US presidential travel patterns suggest Barack Obama will make an extensive tour of Africa in the coming months, with Kenya high on the list of possible destinations, the Associated Press says.
“Presidents take special pleasure in travelling to places where they have ancestral ties,” Brandon Doherty, a political science professor at the US Naval Academy, told the news agency on Thursday.
In 2010, Mr Obama told the Kenya Broadcasting Corporation: “I’m positive that before my service as president is completed, I will visit Kenya again.”
But the son of a Kenyan economist disappointed many when he steered clear of the country during his first four years as president.
Mr Obama, in fact, spent less than one day in black Africa in his first term, giving a speech in Ghana six months after his 2009 inauguration. The choice of Ghana was widely interpreted as a rebuff to Kenya, which was still reeling from the post-election violence of early 2008.
Kenya’s ambassador to the US, Mr Elkanah Odembo, said he has been told by the White House that a decision by Mr Obama to visit Kenya this year will likely hinge on the outcome of the March election. Violence would almost certainly result in Mr Obama avoiding Kenya yet again.
Prof Doherty said an election victory by Deputy Prime Minister Uhuru Kenyatta could also result in an Obama stayaway. The US president, a champion of human rights, would be unlikely to want to shake hands with a politician indicted by the International Criminal Court for crimes against humanity.
“It’s certainly the case that presidents of both parties spend more time in countries that have long traditions of democratic elections,” he said.
A multi-stop tour of Africa by Mr Obama during his second term would follow the pattern established by his two most recent predecessors.
President Bill Clinton did not go to Africa at all during his first term, and President George W Bush visited only Somalia in his first four years.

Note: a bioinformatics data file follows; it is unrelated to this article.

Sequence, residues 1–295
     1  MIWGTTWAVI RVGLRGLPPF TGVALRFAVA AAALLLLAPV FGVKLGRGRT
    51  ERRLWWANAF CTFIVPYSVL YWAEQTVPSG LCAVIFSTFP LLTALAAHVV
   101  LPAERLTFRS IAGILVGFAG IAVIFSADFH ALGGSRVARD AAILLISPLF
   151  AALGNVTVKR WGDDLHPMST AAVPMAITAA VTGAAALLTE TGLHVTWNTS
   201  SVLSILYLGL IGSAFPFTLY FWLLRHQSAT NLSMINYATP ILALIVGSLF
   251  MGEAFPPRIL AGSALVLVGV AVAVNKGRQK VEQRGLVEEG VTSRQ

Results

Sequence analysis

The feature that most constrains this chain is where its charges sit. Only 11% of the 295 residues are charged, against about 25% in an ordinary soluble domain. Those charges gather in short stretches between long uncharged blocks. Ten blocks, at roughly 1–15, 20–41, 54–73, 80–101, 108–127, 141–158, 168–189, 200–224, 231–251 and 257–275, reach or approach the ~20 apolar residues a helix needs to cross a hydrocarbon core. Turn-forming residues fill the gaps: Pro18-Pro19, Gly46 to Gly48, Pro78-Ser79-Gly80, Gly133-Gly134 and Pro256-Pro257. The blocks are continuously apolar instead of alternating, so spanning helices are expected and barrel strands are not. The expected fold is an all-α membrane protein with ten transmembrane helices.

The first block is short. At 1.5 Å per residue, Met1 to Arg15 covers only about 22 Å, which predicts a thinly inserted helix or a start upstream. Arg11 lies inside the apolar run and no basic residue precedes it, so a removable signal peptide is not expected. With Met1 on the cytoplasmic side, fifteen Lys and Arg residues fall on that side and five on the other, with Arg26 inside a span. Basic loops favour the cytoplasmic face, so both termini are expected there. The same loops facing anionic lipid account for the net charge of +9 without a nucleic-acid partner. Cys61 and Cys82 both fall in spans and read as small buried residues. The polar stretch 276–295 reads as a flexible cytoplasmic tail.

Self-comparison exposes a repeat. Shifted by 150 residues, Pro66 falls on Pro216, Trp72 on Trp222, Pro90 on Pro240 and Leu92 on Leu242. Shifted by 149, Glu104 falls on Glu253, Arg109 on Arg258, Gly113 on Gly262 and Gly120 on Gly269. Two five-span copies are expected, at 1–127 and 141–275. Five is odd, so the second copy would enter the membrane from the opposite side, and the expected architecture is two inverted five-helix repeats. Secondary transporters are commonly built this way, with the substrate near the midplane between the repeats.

Mr Clinton visited six African countries during his second term, and Mr Bush toured five following his re-election in 2004.
President Obama was in Kenya as a senator in 2006 when he visited his ancestral home of Kogelo, Siaya County.
Kenyan’s celebrated when he was elected the 44th President of the United States of America.
President Kibaki hailed Obama’s victory as significant not only in the history of the United States of America, but also for Kenya, the ancestral homeland of Barack Obama.
He said, “The victory of Senator Obama is our own victory because of his roots here in Kenya. As a country, we are full of pride for his success.’’
Barack Obama had compared his trip to Kenya with his last visit back in 1987, when he and his sister had travelled around Kenya by train and public bus.
“It was a magical trip. I discovered the warmth and sense of community that the people of Kenya possess... I discovered the beauty of the land, a beauty that haunts you long after you’ve left. And most importantly for me, I discovered the story of my father’s life and the story of his father before him…”
Obama’s Kenyan father went from herding goats in a small village in western Kenya to studying economics in the USA, where he met Obama’s mother. He died in 1982, but Obama’s grandmother still lives in the village of Kogelo.